No one is arguing that times are tough in the energy sector. And those tough times have even spilled over to the mighty Exxon Mobil Corporation (NYSE:XOM). Exxon stock hasn’t exactly been “putting a tiger” in investor’s tanks over the last couple of quarters. Earnings and revenues have plunged in the wake of the unprecedented drop in oil prices. Not even XOM can really make money when oil is trading for sub-$30 per barrel.
As expected, this quarter was much of the same for the Exxon stock.
But with oil prices rising over the last three months, XOM stock found itself in a much better financial position. And that ended up helping it a tad when it reported earnings.
Nevertheless, Exxon stock is far out of the woods when it comes to regaining its mojo and it’ll need to see some pretty big oil price improvements to really fix many of its issues. In the end, there some good, plenty of bad and even some ugly in the latest earnings numbers from XOM.
Exxon Stock: Better Than Expected
The real bright spot for investors is that Exxon is still profitable overall and the firm still managed to make some serious coin. XOM’s integrated model simply pays plenty of benefits. That model of owning producing assets as well as refining facilities, allows Exxon to profit in almost any sort of pricing environment. Just look at rivals Marathon Oil Corporation (NYSE:MRO) and ConocoPhillips (NYSE:COP) over the last two years. Spinning out their refining operations turned out to be a very poor idea, indeed.
As with recent quarters, Exxon’s refining operations managed to help the firm really move the needle. And in this case, it helped XOM stock report better than expected earnings of 63 cents per share. The key is not to look at the year-over-year figures, but sequentially.
Year-over-year, Exxon produced another quarter of disaster — it’s eight in a row and the worst streak for Exxon stock since 1988. Third-quarter profits declined by 38%, while revenues cratered … there’s no “if’s, and’s or but’s” about it, XOM stock is still struggling hard.
But it is struggling less. Sequentially, Exxon saw its earnings-per-share rise by 54%. That’s a pretty big jump for the struggling integrated energy firm and it shows that its efforts to control what it can are actually working.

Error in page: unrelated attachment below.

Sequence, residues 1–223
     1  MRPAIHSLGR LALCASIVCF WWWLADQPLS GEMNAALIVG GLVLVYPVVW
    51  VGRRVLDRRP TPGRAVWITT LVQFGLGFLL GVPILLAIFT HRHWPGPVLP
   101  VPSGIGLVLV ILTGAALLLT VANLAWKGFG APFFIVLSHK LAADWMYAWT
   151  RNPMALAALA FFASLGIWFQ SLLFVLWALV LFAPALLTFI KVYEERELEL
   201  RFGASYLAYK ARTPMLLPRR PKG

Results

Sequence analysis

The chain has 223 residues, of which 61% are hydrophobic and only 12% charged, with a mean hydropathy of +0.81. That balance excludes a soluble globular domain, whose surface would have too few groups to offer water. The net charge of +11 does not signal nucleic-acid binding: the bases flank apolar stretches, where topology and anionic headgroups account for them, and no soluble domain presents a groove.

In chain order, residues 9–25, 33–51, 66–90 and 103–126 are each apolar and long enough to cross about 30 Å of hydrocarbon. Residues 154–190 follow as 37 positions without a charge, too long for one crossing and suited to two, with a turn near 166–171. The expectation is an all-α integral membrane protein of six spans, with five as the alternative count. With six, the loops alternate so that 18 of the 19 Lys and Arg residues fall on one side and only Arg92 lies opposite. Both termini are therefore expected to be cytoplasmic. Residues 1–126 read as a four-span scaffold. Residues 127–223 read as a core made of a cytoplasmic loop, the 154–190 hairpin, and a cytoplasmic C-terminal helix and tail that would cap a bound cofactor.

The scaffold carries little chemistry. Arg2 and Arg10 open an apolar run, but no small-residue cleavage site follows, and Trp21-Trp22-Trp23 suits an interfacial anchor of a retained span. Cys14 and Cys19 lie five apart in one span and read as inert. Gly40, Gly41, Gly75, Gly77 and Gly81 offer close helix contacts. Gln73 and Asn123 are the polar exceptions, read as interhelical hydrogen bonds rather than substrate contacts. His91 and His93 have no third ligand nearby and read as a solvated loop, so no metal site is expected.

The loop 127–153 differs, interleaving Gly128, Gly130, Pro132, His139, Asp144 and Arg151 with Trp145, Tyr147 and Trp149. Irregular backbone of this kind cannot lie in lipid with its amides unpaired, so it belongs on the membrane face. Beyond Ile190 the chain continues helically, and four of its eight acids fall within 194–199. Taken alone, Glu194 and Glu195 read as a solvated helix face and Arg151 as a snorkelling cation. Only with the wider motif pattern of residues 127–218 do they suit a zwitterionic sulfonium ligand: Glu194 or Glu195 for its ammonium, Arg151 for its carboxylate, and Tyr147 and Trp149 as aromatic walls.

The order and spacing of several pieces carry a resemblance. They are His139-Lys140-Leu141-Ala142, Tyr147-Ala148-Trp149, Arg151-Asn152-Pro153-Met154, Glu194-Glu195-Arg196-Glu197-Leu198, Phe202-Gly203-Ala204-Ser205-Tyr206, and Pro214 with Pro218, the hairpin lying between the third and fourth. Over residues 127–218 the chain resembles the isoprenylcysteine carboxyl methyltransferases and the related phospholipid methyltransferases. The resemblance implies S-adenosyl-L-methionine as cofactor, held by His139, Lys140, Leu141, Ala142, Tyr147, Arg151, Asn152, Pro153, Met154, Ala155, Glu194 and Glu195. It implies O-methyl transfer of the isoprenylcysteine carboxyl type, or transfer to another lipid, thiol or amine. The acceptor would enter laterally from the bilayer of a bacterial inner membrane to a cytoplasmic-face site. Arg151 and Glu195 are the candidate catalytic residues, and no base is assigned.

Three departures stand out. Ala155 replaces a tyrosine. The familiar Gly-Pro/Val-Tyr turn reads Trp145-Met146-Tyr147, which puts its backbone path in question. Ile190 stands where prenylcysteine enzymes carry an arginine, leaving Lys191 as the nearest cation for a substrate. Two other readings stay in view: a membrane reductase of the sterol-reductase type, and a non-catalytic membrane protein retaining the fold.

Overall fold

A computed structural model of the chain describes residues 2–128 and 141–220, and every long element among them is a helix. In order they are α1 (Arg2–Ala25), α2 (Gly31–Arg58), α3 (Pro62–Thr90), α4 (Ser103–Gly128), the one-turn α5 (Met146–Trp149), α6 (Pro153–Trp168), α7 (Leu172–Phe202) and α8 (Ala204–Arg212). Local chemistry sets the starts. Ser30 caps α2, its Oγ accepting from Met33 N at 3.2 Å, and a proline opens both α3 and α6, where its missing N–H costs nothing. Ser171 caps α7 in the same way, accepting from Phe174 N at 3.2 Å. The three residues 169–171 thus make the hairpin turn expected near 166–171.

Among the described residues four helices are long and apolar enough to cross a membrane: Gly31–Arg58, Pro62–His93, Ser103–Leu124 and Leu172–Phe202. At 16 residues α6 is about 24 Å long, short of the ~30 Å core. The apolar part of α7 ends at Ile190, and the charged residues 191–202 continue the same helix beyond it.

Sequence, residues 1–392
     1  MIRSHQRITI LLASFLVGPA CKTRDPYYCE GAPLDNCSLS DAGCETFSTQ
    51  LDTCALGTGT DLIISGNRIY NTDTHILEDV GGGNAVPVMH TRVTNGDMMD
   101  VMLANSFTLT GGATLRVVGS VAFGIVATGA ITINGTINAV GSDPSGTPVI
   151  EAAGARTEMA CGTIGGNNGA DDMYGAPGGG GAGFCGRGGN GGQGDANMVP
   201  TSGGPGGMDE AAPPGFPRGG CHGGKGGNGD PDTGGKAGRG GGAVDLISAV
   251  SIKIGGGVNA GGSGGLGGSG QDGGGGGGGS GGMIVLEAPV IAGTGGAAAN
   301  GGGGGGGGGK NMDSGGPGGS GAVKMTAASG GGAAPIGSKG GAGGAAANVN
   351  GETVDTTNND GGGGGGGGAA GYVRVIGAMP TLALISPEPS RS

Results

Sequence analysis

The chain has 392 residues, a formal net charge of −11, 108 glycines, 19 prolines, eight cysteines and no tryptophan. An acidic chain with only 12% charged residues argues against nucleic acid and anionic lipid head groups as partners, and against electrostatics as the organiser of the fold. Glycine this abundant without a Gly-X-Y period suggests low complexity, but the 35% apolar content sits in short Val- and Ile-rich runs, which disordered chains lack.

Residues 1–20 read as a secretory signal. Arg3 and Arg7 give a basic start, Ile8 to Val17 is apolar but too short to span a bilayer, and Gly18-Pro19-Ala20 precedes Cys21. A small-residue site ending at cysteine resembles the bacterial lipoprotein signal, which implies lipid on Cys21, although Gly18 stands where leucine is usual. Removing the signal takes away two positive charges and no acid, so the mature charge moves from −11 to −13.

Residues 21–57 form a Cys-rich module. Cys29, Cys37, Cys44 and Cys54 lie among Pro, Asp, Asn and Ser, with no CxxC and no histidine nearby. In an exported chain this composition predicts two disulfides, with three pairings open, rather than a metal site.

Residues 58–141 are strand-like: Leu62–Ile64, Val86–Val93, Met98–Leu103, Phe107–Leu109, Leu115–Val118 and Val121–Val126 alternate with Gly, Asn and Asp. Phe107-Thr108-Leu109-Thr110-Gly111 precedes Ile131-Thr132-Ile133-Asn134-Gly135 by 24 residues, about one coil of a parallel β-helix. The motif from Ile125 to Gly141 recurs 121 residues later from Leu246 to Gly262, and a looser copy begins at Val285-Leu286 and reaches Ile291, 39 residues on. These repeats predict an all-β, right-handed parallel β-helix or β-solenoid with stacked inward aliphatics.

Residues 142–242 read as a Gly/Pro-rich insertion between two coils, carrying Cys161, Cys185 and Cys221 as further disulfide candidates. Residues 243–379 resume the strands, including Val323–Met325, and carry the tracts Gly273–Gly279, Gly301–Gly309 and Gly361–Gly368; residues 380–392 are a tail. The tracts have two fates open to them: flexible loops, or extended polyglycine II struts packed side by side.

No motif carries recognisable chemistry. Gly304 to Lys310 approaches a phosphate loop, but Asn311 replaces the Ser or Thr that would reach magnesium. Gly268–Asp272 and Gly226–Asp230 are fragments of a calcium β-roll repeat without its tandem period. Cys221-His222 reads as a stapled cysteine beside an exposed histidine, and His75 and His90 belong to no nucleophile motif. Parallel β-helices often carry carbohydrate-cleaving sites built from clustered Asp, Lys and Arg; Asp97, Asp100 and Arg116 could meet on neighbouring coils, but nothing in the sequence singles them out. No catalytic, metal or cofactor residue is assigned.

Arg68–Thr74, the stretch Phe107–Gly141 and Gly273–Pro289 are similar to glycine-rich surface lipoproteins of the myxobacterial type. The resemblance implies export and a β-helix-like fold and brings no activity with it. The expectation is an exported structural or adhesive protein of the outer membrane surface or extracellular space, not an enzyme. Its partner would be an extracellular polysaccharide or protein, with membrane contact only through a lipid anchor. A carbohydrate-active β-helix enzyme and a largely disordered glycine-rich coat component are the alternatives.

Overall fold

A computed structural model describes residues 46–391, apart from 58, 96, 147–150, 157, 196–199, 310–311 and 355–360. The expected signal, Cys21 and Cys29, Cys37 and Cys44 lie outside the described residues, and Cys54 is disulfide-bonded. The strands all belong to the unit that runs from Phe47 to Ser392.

Through various cost-reduction programs, XOM has managed to cut its CAPEX spending by 45%. Exxon spent only $4.19 billion last quarter, drilling and producing oil. That was down from more than $7 billion a year ago. Those CPAEX cuts clearly started to take full effect during third quarter and worked to Exxon’s advantage.
Where It Starts to Get Bad for XOM Stock
Yes, earnings are improving at Exxon. That’s certainly a great thing. XOM most likely saw its earnings bottom out during the second quarter and now, we’re starting to see things rise. As oil prices rise, we should see Exxon start really making the dough. However, the key word in that is “should.”
Oil prices actually averaged slightly higher during the third quarter and XOM stock had those big CAPEX cuts. So things should have been rosy. However, the U.S. upstream segment at Exxon actually lost more money than the previous quarter. Adding in international production, upstream earnings still sank 16% on the back of higher oil prices. Likewise, refining helped run the show, it also managed to see a massive decline as higher oils crimped once fat margins.
The only way XOM was actually able to realize any sort of profits was by crimping that CAPEX spending. That’s not a good place to be in.
To make matters worse, Exxon’s cash flows were better during the quarter. The kicker here was that it has paid out more in dividends than it made in profits — by about $400 million. With already one debt downgrade on its hands, Exxon is continuing to play fast and loose with its dividends. Especially, if it can’t get its act together and start making some serious money. And even more so now, considering it just raised the payout by 3%.
The Looming, Ugly Problem at Exxon
And it may have some trouble making that money … at least on an accounting basis.
Buried in its earnings release was a ticking time bomb. New York Attorney General Eric Schneiderman and the Securities and Exchange Commission have questioned why XOM hasn’t written down the value of its assets during the recent oil plunge. Exxon has stated that it has limited its exposure to write-downs because it is extremely conservative when initially recording the value of a new field. It underestimates the “real” value when first recording it.
That gravy train may have ended. XOM may be forced to write down as much as 4.6 billion barrels that are no longer profitable to produce. That will be one heck of an accounting charge to its bottom line. While it is not detrimental long-term and it can rebook the fields once profitable again, it still is going to significantly affect things during the fourth quarter — just when Exxon should see things really start to improve.
Bottom Line on XOM
For investors, Exxon stock is still a mixed bag. While things are starting to improve, other items continue to kick it further down the long road from being like the old Exxon. In the end, unless things really start to move in a very positive direction, XOM stock investors could be in for a much longer ride than they may want. Exxon isn’t a bad energy stock, it’s just quickly becoming a story of “wait until next quarter.” Hopefully, that quarter will come sooner than later.
As of this writing, Aaron Levitt did not hold a position in any of the aforementioned securities.